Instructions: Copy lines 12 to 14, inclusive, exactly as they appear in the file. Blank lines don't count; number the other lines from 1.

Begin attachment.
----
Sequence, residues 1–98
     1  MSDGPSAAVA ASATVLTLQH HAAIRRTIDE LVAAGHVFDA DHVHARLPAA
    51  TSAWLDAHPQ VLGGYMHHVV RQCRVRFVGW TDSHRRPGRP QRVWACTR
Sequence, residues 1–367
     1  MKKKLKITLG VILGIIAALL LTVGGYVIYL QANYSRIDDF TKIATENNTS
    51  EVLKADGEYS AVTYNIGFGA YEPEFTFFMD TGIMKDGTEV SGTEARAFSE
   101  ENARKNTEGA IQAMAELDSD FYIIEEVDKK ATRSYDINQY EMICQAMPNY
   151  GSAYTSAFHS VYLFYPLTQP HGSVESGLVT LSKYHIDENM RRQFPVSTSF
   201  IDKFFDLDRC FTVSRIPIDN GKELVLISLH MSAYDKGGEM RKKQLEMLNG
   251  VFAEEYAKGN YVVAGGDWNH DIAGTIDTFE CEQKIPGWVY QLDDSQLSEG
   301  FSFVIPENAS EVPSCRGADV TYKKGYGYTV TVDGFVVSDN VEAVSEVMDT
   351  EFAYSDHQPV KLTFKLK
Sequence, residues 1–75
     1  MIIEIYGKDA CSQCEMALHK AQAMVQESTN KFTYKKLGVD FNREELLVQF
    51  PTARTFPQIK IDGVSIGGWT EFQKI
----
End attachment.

   351  EFAYSDHQPV KLTFKLK
Sequence, residues 1–75
     1  MIIEIYGKDA CSQCEMALHK AQAMVQESTN KFTYKKLGVD FNREELLVQF